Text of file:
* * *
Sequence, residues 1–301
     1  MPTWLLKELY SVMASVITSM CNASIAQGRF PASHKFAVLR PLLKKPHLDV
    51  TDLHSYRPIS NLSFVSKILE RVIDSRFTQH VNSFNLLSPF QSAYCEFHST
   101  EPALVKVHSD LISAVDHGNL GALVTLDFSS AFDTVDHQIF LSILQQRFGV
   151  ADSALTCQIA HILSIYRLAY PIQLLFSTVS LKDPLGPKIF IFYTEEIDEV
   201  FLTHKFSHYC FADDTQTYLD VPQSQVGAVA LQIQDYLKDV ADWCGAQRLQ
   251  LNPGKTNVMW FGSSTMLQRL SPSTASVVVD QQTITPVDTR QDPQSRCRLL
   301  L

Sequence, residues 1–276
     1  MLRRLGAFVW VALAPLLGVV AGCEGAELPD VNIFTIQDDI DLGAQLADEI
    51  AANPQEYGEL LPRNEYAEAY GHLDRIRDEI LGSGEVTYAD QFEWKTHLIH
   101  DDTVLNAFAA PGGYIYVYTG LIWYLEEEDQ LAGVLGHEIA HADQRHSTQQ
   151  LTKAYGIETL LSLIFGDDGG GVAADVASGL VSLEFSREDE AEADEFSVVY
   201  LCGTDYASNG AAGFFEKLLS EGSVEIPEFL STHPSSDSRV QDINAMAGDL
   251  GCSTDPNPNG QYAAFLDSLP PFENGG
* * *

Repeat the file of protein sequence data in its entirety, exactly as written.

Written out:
Sequence, residues 1–301
     1  MPTWLLKELY SVMASVITSM CNASIAQGRF PASHKFAVLR PLLKKPHLDV
    51  TDLHSYRPIS NLSFVSKILE RVIDSRFTQH VNSFNLLSPF QSAYCEFHST
   101  EPALVKVHSD LISAVDHGNL GALVTLDFSS AFDTVDHQIF LSILQQRFGV
   151  ADSALTCQIA HILSIYRLAY PIQLLFSTVS LKDPLGPKIF IFYTEEIDEV
   201  FLTHKFSHYC FADDTQTYLD VPQSQVGAVA LQIQDYLKDV ADWCGAQRLQ
   251  LNPGKTNVMW FGSSTMLQRL SPSTASVVVD QQTITPVDTR QDPQSRCRLL
   301  L

Sequence, residues 1–276
     1  MLRRLGAFVW VALAPLLGVV AGCEGAELPD VNIFTIQDDI DLGAQLADEI
    51  AANPQEYGEL LPRNEYAEAY GHLDRIRDEI LGSGEVTYAD QFEWKTHLIH
   101  DDTVLNAFAA PGGYIYVYTG LIWYLEEEDQ LAGVLGHEIA HADQRHSTQQ
   151  LTKAYGIETL LSLIFGDDGG GVAADVASGL VSLEFSREDE AEADEFSVVY
   201  LCGTDYASNG AAGFFEKLLS EGSVEIPEFL STHPSSDSRV QDINAMAGDL
   251  GCSTDPNPNG QYAAFLDSLP PFENGG